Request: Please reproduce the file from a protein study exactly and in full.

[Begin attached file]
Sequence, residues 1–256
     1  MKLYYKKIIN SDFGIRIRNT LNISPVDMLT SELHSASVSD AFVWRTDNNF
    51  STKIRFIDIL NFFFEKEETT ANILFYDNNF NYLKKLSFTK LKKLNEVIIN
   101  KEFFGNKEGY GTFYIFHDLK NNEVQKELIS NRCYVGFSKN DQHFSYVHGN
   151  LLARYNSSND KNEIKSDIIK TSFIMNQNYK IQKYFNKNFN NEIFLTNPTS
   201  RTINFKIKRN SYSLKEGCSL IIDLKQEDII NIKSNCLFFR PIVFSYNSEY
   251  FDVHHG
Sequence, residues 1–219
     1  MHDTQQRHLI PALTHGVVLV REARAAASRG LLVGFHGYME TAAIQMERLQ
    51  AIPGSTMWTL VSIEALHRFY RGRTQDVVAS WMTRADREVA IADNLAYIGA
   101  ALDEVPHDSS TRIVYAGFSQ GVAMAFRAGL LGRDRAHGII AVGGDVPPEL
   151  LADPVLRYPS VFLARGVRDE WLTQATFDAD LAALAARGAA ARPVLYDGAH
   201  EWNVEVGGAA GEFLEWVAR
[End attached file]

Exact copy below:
Sequence, residues 1–256
     1  MKLYYKKIIN SDFGIRIRNT LNISPVDMLT SELHSASVSD AFVWRTDNNF
    51  STKIRFIDIL NFFFEKEETT ANILFYDNNF NYLKKLSFTK LKKLNEVIIN
   101  KEFFGNKEGY GTFYIFHDLK NNEVQKELIS NRCYVGFSKN DQHFSYVHGN
   151  LLARYNSSND KNEIKSDIIK TSFIMNQNYK IQKYFNKNFN NEIFLTNPTS
   201  RTINFKIKRN SYSLKEGCSL IIDLKQEDII NIKSNCLFFR PIVFSYNSEY
   251  FDVHHG
Sequence, residues 1–219
     1  MHDTQQRHLI PALTHGVVLV REARAAASRG LLVGFHGYME TAAIQMERLQ
    51  AIPGSTMWTL VSIEALHRFY RGRTQDVVAS WMTRADREVA IADNLAYIGA
   101  ALDEVPHDSS TRIVYAGFSQ GVAMAFRAGL LGRDRAHGII AVGGDVPPEL
   151  LADPVLRYPS VFLARGVRDE WLTQATFDAD LAALAARGAA ARPVLYDGAH
   201  EWNVEVGGAA GEFLEWVAR